Transgender teens should find acceptance

By Maggie Brown, staff writer
Photo by Mackenzie Carpenter


On December 28, 2014, an Ohio teen took her life by stepping in front of an oncoming semi-truck. She was bullied, outcasted, and ridiculed, and religious views were viciously forced upon her, causing her to doubt herself and everything she was.

Leelah Alcorn went through emotional abuse, neglect, and more, and those who caused her pain did so on the grounds that she had been born Joshua Alcorn, and at the time of death still had the anatomy of a male.

Leelah’s death caused enormous controversy when her suicide note was posted to her tumblr on a timer she had set before she died. Many have accused her parents of being abusive and neglectful, using a method called conversion therapy, a method of attempting to “fix” a transgender youth, refusing to use the correct pronouns, and even trying to pass off her death as an accident before the note surfaced on social media.

“The situation with Leelah Alcorn is tragic,” said Betsy McCleery, 9. “It’s disrespectful of her parents to purposefully misgender her and soil her memory.”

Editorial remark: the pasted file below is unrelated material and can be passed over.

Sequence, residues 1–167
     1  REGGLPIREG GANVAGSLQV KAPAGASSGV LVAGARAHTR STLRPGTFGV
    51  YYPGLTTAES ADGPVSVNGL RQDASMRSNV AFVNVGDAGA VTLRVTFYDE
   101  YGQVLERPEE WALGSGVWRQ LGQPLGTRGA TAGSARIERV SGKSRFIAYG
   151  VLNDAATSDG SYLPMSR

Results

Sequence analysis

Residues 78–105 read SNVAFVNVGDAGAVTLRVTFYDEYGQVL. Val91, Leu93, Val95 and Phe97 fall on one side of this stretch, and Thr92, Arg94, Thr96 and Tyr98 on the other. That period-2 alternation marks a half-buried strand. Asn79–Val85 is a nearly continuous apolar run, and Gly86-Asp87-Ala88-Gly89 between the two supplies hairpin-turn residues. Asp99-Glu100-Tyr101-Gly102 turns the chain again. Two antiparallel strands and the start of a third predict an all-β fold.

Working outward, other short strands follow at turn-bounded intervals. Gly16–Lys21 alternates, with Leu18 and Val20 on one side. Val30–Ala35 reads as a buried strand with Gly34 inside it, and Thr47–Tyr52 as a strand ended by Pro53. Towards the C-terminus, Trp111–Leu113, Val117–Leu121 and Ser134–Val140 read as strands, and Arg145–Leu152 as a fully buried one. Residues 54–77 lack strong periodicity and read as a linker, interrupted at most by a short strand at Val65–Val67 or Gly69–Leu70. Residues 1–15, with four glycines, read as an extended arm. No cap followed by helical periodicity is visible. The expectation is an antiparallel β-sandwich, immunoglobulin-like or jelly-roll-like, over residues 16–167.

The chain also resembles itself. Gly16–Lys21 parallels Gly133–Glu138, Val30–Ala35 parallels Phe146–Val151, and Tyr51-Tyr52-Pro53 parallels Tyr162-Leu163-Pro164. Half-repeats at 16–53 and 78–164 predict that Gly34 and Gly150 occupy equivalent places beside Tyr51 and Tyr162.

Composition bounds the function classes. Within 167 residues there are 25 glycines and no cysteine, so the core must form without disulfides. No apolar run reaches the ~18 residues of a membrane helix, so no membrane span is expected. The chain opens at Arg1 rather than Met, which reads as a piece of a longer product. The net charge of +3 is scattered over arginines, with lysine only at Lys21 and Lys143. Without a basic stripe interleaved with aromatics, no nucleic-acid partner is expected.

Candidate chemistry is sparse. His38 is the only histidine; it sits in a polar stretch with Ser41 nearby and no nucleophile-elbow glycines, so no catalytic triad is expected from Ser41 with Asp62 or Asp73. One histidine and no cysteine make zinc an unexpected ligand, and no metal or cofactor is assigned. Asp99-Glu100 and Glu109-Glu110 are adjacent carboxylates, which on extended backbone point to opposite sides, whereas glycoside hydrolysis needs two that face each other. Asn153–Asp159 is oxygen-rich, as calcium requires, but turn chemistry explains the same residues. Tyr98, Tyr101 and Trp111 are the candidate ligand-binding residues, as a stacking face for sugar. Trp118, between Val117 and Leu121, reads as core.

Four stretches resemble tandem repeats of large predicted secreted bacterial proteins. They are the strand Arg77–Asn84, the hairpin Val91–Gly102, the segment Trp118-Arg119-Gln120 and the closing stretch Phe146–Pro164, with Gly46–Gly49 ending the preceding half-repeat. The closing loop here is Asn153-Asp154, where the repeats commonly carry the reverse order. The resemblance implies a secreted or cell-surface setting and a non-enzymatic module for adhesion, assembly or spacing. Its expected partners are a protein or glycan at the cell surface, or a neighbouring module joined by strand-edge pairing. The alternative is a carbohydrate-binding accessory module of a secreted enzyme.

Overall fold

“We don’t support that, religiously,” Carla Alcorn said when questioned about why she did not accept her daughter’s gender identity. “But we told him that we loved him unconditionally. We loved him no matter what. I loved my son. People need to know that I loved him. He was a good kid, a good boy.”

Activists have become more and more angered as, even in death, Carla Alcorn refuses to acknowledge her daughter’s gender. The Alcorns buried her in a suit, with her birth name, Joshua, on the tombstone.

“It’s so damaging to do that,” said Johanna Olson, Medical Director for the Center of Trans Youth Health and Development at Children’s Hospital Los Angeles. “Just the process of listening and being open to your child will save their life. It’s tragic to hear of such a lack of parental support.”

And Leelah is right. The idea of causing your own child emotional distress just because they don’t agree with your religious views baffles me. Just because they’ve decided that they’d rather be your daughter than your son does not mean you have the right to try and erase what they are and replace it with what you want them to be.

The death of Leelah Alcorn is not something that the world can forget. The end of Leelah’s suicide note reads, “My death needs to mean something. My death needs to be counted in the number of transgender people who commit suicide this year. I want someone to look at that number and say ‘that’s ****ed up’ and fix it. Fix society. Please.”

Gender is not what hides in your underwear, how long your hair is, whether or not you wear makeup or have breasts or think skirts are pretty. Gender is what you feel, how you think, the way you want to live your life. Nobody should be denied the right to their gender because someone else thinks they are wrong.

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